Forget for a moment François Hollande, who sent Nicolas Sarkozy packing on Sunday. Set aside, too, the triumph of the radical left and the neo-Nazis in Greece who together captured one-third of the vote.
Look instead at Europe's real mess: the sickly state of the EU-15, the core of the Union, most of which today uses the euro: Austria, Belgium, Denmark, Finland, France, Germany, Greece, Ireland, Italy, the Netherlands, Luxembourg, Portugal, Spain, Sweden and the United Kingdom.
In the 1970s, their average growth clocked in at 3.2%, in the 80s at 2.5%, in the '90s at 2.2%—and in the '00s, 1.2%. Yes, the 2008 crash was bad for everybody, but Europe is still heading down. This year, growth is likely to end up at an anemic 1%.
Europe has been falling back for decades, and this is the source of all its trouble. Yesterday's economic wonderland, with its ever growing list of benefits and privileges, is losing it. While the U.S. share of global GDP has held steady at around 26% for two generations, the EU-15's share has dropped to 26% from almost 35% in 1970.
Back to Dark Sunday's elections. You might have thought that the French and Greek parties would have hyped themselves as saviors: Anoint us, and we shall lead ye from debt and decline. Wrong. The winners were those who yelled: "Stop the world, we want to get off!" Cursed be the market, blessed be the all-providing state.
This is the message of those 52% who voted for Mr. Hollande in France. In the campaign, he had targeted "financial markets" as the enemy of the French social model, while offering to tax, protect and provide. No talk of the real reason those evil markets and their ratings agencies downgraded France: The national debt has surged to 90% of GDP, from 35% in 1990.
In Greece, the big winner was the Coalition of the Radical Left, or Syriza, which won nearly 17% of votes—almost four times its take in the 2009 elections. Together, the far left and far right have overwhelmed a government that had pledged to slash spending and cut into the bloated state sector. The pro-reform coalition of the moderate right and left has lost its parliamentary majority and may have to go into new elections in a few weeks. Hence, the "Nightmare of Anarchy," as Greek daily Ta Nea headlined its post-mortem on Tuesday.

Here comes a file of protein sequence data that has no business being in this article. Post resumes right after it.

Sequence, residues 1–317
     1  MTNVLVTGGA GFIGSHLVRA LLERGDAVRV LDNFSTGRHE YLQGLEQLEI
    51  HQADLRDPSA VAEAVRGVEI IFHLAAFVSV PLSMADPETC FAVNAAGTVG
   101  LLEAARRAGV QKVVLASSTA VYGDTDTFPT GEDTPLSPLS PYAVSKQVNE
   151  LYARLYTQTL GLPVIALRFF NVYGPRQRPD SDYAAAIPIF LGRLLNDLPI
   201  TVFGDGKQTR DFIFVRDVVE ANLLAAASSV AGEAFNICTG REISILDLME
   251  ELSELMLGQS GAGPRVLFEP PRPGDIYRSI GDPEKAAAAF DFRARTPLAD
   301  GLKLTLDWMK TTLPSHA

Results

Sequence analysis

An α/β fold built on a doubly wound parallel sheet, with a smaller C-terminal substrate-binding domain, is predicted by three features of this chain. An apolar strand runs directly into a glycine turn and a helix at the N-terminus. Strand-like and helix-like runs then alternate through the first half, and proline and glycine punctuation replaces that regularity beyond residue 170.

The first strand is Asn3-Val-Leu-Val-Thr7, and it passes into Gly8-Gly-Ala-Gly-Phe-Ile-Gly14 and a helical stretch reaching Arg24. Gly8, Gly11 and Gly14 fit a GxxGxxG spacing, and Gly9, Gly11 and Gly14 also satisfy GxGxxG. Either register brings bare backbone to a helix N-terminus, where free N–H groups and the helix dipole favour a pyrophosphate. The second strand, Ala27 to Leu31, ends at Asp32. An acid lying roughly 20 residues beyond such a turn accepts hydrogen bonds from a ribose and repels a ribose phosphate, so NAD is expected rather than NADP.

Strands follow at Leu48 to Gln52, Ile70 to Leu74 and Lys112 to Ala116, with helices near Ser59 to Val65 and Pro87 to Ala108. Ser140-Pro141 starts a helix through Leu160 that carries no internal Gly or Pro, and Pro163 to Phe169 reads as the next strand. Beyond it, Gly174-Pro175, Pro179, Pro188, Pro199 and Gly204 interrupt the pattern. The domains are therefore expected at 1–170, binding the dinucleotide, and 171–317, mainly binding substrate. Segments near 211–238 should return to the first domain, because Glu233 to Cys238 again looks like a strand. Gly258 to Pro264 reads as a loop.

Meanwhile, unemployment now averages close to 11% in the euro zone. The odd-man-out in this drama of decay is Germany. Joblessness, which stood at five million only a few years ago, has dropped to less than three million. The public budget deficit is heading toward zero. Why this Teutonic miracle? Germany had cleaned house before the crash struck.
Go back nine years, when Social Democratic Chancellor Gerhard Schröder launched his "Agenda 2010." He declared to the Bundestag: "We shall reduce social benefits, promote individual responsibility and demand more from each and all." True to his word, he loosened up labor markets, cut payroll, personal and corporate taxes, and enacted a "workfare" program that egged the unemployed off the dole. Angela Merkel is now reaping what her predecessor sowed—efforts for which he lost his job.
Today, elsewhere in Europe, leaders' attempts to change their economies' bad old ways have not met with political boons. Since 2008, a dozen euro-zone governments have fallen like the House of Lehman. Yet what is the alternative but to pursue the reforms? Where would the cash come from, when Germany is the last man standing among the large countries? Perhaps Europe is still rich enough to keep Greece on the dole indefinitely. But it does not have the resources to put France, Italy or Spain on euro-welfare.
Which brings us back to the new French president, who in 1981 was a young Elysée staffer when François Mitterrand enacted the very program Mr. Hollande has been hawking: buy now, pay later, tax forever. Two years later Mitterrand's Socialist Party was drubbed in local elections, Saul turned into Paul and Mitterrand started preaching discipline and markets. This time, the Socialist president won't even get his first 100 days.
For one thing, Mrs. Merkel will not relent. She will not allow Mr. Hollande to loosen the debt brakes enshrined in the EU's fiscal pact by inserting the kind of "growth" Mr. Hollande wants—a euphemism for spending Europe into insolvency. She knows that the euro, indeed the EU, is at stake—and that neither will be saved by Keynes-to-the-max.
"Growth" à la Mr. Hollande will not heal but feed Europe's disease. The country needs labor liberalizations, with youth unemployment topping 22%. The French job market tells a simple, sordid tale: high wages and lifetime job security are great for insiders and deadly for newcomers.
If core Europe does not regain competitiveness now, it will sink and fall apart. So what will it be: "Mitterrand for All" or "Schröder Does Europe"?
Watch the new French president in the coming weeks. My bet is that he will take a page out of "Casablanca" and sputter: "I am shocked, shocked to find out about the mess Mr. Sarkozy has left." Then he will blame Mrs. Merkel's brutishness for forcing him to deliver a "blood, toil, tears and sweat" speech in which he breaks all his campaign promises.
And if he doesn't yield to reality? The markets will speak.
Mr. Joffe is editor of Die Zeit in Hamburg, a senior fellow of the Freeman-Spogli Institute for International Studies and a fellow at the Hoover Institution, both at Stanford University in California.